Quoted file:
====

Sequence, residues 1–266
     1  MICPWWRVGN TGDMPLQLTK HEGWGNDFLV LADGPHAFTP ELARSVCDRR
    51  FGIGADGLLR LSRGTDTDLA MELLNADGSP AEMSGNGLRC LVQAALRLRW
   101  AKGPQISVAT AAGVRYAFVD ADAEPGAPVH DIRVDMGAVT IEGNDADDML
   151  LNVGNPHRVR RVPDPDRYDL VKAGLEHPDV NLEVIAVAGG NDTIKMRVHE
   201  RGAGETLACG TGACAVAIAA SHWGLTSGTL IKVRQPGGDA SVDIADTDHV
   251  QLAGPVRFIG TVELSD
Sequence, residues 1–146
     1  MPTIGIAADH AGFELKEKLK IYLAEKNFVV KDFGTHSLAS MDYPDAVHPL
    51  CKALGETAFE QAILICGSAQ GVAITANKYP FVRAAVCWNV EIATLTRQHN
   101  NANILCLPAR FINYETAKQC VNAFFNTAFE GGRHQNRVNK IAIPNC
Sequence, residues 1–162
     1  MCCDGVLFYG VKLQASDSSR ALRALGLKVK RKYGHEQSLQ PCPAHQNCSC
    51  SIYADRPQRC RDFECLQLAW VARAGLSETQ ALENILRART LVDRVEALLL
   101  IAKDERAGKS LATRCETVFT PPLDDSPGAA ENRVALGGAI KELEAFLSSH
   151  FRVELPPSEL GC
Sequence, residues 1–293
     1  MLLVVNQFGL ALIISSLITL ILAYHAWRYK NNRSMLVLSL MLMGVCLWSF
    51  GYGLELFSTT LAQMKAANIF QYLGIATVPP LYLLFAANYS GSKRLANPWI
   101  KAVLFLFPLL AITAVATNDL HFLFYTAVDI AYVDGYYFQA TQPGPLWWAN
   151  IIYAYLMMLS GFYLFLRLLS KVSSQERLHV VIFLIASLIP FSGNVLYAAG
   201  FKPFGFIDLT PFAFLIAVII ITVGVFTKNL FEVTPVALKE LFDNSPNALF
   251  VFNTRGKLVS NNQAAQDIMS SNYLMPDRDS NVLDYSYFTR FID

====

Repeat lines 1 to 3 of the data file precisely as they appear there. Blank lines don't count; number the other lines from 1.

Sequence, residues 1–266
     1  MICPWWRVGN TGDMPLQLTK HEGWGNDFLV LADGPHAFTP ELARSVCDRR
    51  FGIGADGLLR LSRGTDTDLA MELLNADGSP AEMSGNGLRC LVQAALRLRW